One of its functions is to point out 404s it finds as it crawls your site, including missing images or posts you might have taken down. These 404s hurt your site’s search profile, and are one of the lowest hanging fruits to fix when you’re beginning your SEO optimization.

Third party tools can also crawl a page and report on broken links pointing outside your domain, especially if you use WordPress where a few plugins exist to do this for you. If you’re redirecting customers to an important study, for instance, you might want to check that the study is still live at the link you’ve used. If it’s been moved, you can easily update if you can locate the broken link.

Repairing broken links is a small task you can delegate, or spend fifteen minutes each day hunting for and fixing. Within a few weeks your site will be free of broken links, have a cleaner search profile, and provide an improved user experience.

Clean and Revise Most Visited

Refer to your analytics for data on the pages users visit most, then review the URLs in question. Are users seeing relevant and eye-catching copy? Is the page visually appealing? What’s the load time like (hint: run a speed test here to find out)?

One way I like to improve a page is to provide a table of contents for it. Creating anchor links within my text, I can link users to a specific headline. Here’s an example from our Transaction Check support article.

Improve readability with shorter paragraphs. Ever heard of the three line email? Try structuring your support documentation, your blogging, and your other content the same way.

In short: make every word and image essential to streamline the time it takes to access useful content or convert the user.

This rule applies to content as well, where it’s important to delete or update outdated and irrelevant pages.

Check and Update Social Profiles

A great way to improve your site’s profile without an intense time investment is to inventory your social media status. Has your company created a LinkedIn page for itself, or established a YouTube channel this year? Quickly review any new “social real estate” you’ve acquired and make sure your users can find it from your website.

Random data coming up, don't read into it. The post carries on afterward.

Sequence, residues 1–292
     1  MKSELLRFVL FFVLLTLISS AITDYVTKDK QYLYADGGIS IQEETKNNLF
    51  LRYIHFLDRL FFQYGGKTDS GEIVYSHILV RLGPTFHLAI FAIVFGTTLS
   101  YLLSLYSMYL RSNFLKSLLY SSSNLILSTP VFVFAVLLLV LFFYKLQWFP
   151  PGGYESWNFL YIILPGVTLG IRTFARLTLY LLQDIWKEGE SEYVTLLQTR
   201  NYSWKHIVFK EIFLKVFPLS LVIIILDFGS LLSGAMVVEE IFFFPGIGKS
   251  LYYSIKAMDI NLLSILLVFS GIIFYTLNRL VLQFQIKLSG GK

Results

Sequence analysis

The backlink will improve SEO for those social profiles as well, an effective tool in branding your business.

While you audit your social profiles, check to see how much of your work is automated and what the user sees. Are your profiles lively and pushing unique content, or are you sending users the same messaging across every platform? Quick adjustments to the programs we all use to make posts allow you to create some diversity between accounts. A posting calendar also helps, so each profile has something unique to say that doesn’t overlap.

Revise Company Profiles

Beginning with your about page, you should revise the publicly available information about your company. If anyone is writing about you, this page is one of the first places they will look to determine the size and mission of your company.

Next, update additional profiles such as your Crunchbase or your LinkedIn. Specific important concepts to include:

  • The date your company was founded
  • Company mission statement
  • Number of employees
  • Key management
  • Points of contact for press inquiries

Looking Ahead

Finally, look ahead to the year with these ideas in mind. As you consider expanding your product lineup, make sure you’re testing your transactions and improving the speed of content delivery. Make sure as you introduce new information to users that you have a plan to revisit and improve it based on how well they used it.

You’ll find that these audits won’t just improve the user experience, they may lead to key sales insights that can help you fulfill your goals for the year.

Don’t let spring cleaning chores get you down. Take this opportunity to renew your mission and provide the best possible version of that service.

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Richard Bashara is Uptime.com's lead content marketer, working on technical documentation, blog management, content editing and writing. His focus is on building engagement and community among Uptime.com users. Richard brings almost a decade of experience in technology, blogging, and project management to help Uptime.com remain the industry leading monitoring solution for both SMBs and enterprise brands. He resides in California, enjoys collecting and restoring arcade machines, and photography.